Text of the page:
Beyond the sheer joy of books, ¡Vamos! Let’s Go Read! recognizes all the different ways people can enjoy libraries. We see characters use books to learn new skills like cooking and skateboarding. They hunt for their favorite titles, listen to audiobooks, take classes and make artwork. They even create their own books. Libraries are often portrayed as places for shushing and serious reading, but ¡Vamos! Let’s Go Read! showcases them as the bright, welcoming places of learning that they truly are.

Lengthier than most picture books, ¡Vamos! Let’s Go Read! is recommended for ages 4–8, but there is plenty to entertain keen-eyed older readers, including Easter eggs such as a brilliant nod to Stephen King: Gallos of the Corn by “Estéfan Rey.” There is so much to see in this vibrant ode to libraries that readers may be surprised upon a second reading by all the things they missed the first time around. There’s also a hefty dose of self-discovery and empowerment woven into each scene as ¡Vamos! Let’s Go Read! asks: What will you discover at the library?

Libraries are often portrayed as places for shushing and serious reading, but ¡Vamos! Let’s Go Read! portrays them as bright, welcoming places of learning and exploration.
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“Oh, Olive!” is something Olive hears a lot. Born to somber shape-painting artists, Olive stands out due to her colorful creations and exuberant personality. Olive has no qualms about painting on anything—or anyone—and doggedly paints how SHE wants to paint, refusing to create the stolid shapes requested by her parents and teachers. Will the rest of the world ever see the genius she knows she possesses? Perfect for classrooms, art rooms and bedtime, Oh, Olive! (Katherine Tegen, $19.99, 9780063237490) is a charming reminder to paint what is in your heart, because it takes all kinds of artists to make the world a more beautiful place.

Author and illustrator Lian Cho emulates her own protagonist by creating artwork that effortlessly conveys the story on its own. Oh, Olive! begins with an orderly little black-and-white town, rife with bustling details. It is perfectly amiable, perfectly pleasant . . . perfectly dull. Enter Olive and her flamboyant colors. One can sense Cho’s own glee in creating Olive’s work, which cannot be contained to Olive’s canvas. It speckles and spatters and erupts from the monotone backdrop in stunning fashion. Cho’s art throughout is clever and humorous, keeping the reader’s eye bouncing from scene to scene. Cho captures Olive’s resolute personality, from messy toddler finger painting to child artist curating shows for her stuffed animals. Keen-eyed readers will also notice the ever-present triangles, circles and squares reflected in the designs of the town and the characters themselves. The facial expressions of the townsfolk and especially Olive’s parents are hilarious.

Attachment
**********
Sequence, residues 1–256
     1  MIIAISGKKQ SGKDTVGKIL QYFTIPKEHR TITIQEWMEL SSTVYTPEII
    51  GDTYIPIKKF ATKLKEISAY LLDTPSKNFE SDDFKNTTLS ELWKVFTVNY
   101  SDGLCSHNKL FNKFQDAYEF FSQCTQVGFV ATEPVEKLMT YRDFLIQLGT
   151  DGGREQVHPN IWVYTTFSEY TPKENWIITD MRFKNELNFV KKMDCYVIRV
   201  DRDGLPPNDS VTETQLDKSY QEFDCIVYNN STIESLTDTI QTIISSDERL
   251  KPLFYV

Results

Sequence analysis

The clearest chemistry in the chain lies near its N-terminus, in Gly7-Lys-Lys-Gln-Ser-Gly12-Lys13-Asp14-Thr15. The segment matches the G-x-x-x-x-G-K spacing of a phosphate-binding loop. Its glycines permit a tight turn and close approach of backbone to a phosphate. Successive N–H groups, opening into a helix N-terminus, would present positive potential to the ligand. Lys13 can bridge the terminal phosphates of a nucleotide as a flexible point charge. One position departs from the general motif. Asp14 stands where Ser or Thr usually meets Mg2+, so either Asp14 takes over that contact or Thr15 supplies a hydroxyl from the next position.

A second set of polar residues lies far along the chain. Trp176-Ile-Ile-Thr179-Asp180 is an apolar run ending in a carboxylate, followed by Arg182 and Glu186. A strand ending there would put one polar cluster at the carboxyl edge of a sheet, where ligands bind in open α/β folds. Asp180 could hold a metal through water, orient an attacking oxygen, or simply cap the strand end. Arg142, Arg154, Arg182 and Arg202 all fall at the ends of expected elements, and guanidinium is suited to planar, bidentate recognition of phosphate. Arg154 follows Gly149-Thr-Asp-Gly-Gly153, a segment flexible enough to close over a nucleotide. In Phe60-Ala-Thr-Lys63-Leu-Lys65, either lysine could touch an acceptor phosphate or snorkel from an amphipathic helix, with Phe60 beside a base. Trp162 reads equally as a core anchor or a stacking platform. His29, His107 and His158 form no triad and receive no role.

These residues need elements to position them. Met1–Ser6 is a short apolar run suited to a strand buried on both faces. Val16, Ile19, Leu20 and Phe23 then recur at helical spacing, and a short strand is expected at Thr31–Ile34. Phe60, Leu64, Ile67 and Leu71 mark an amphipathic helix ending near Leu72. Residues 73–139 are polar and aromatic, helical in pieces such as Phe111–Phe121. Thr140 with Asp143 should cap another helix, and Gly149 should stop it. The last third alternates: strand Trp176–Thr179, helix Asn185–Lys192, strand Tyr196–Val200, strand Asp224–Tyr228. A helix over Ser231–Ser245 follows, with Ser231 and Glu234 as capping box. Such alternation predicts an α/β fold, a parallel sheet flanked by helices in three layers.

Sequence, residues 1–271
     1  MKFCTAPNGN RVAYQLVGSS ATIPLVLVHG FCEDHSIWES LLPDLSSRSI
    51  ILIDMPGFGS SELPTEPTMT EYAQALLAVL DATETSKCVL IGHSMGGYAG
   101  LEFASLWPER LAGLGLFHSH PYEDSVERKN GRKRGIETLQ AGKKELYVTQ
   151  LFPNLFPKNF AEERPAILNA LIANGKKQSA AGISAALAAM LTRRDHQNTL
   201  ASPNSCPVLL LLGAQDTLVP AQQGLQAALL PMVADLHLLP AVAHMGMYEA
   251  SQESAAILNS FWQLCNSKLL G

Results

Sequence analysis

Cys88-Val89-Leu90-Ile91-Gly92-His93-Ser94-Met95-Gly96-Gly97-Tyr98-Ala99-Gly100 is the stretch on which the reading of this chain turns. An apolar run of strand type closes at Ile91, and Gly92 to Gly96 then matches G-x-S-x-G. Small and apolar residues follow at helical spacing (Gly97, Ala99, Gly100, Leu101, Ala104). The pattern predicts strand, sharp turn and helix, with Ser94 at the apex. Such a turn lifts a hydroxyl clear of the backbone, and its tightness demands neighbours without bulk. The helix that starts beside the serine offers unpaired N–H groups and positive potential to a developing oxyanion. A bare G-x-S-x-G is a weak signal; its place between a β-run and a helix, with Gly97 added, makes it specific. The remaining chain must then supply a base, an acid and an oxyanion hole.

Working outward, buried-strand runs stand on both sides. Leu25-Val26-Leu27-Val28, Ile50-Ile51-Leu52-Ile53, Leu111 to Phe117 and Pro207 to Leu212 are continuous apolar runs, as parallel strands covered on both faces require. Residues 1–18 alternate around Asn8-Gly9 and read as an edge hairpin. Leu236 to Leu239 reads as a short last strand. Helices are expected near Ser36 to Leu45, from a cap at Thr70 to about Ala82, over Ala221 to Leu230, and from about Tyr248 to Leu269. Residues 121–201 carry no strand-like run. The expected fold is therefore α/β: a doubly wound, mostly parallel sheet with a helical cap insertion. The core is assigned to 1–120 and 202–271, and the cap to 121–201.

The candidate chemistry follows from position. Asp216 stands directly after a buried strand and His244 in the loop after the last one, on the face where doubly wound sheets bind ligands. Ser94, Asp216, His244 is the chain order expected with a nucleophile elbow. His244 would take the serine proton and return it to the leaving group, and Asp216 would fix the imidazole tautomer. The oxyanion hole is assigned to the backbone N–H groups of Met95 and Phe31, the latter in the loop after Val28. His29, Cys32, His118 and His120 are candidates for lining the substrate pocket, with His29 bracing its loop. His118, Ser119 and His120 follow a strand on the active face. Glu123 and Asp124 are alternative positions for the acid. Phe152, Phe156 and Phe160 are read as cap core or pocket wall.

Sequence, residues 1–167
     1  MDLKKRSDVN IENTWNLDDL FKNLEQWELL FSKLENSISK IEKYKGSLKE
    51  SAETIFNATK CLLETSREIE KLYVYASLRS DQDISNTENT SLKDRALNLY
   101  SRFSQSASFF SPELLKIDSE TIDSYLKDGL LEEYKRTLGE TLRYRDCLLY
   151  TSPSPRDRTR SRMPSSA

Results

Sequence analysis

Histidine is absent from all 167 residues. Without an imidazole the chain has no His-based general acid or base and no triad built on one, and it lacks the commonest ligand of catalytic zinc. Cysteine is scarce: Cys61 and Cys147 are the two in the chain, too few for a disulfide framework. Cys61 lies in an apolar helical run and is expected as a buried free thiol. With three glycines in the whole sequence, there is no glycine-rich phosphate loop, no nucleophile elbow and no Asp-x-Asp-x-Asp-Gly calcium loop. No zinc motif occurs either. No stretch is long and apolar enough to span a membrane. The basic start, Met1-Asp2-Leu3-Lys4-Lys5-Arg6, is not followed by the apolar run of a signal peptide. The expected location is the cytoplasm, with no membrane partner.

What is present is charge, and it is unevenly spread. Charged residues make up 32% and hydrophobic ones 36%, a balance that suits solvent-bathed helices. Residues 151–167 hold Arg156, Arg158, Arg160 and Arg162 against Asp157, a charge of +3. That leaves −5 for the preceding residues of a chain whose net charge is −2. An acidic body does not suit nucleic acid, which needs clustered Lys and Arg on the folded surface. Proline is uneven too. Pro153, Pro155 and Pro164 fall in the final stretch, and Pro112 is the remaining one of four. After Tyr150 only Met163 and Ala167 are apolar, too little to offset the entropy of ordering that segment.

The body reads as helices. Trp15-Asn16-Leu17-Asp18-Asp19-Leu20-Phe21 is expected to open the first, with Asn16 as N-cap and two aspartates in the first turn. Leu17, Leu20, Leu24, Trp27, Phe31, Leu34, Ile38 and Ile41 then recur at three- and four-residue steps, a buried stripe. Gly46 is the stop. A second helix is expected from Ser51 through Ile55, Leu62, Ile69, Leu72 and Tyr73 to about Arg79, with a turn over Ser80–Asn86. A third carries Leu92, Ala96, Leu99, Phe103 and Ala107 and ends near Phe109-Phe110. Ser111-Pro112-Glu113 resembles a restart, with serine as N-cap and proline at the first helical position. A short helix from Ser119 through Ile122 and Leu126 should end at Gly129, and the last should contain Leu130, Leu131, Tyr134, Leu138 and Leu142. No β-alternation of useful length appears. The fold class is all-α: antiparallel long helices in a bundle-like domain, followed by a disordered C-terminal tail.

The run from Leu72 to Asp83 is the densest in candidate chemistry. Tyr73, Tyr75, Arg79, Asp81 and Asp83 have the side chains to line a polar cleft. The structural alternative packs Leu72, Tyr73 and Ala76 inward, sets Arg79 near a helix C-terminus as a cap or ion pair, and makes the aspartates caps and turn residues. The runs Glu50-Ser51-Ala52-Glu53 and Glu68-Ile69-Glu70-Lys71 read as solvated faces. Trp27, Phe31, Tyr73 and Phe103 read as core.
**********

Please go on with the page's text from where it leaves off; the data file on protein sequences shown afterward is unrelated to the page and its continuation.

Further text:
Cho wisely keeps the narration straightforward, with a very subtle undercurrent of Olive’s subversion peeking through. There are many things to admire about this creative picture book: What particularly stands out is how Olive never wavers in her determination or enthusiasm. She keeps painting, knowing the world needs artists like her. For children who have ever felt like they don’t quite match up or fit in, Oh, Olive! will encourage them to paint on like Olive, because everyone has something special to give.

Perfect for classrooms, art rooms and bedtime, Oh, Olive! is a charming reminder to paint what is in your heart, because it takes all kinds of artists to make the world a more beautiful place.
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Grandpa is teaching Lulu and her dog, Dumpling, the art of drawing ancient Chinese characters. But when Grandpa dozes off, Lulu draws the character for door—which becomes a real portal to a fantastic adventure. It’s a good thing Lulu paid close attention to Grandpa’s lessons, because she is going to need her new skills to save the day. Written and illustrated by Hui Li, Scroll (Christy Ottaviano, $18.99, 9780316340731) is a beautifully drawn, cleverly told tale of bravery and wit.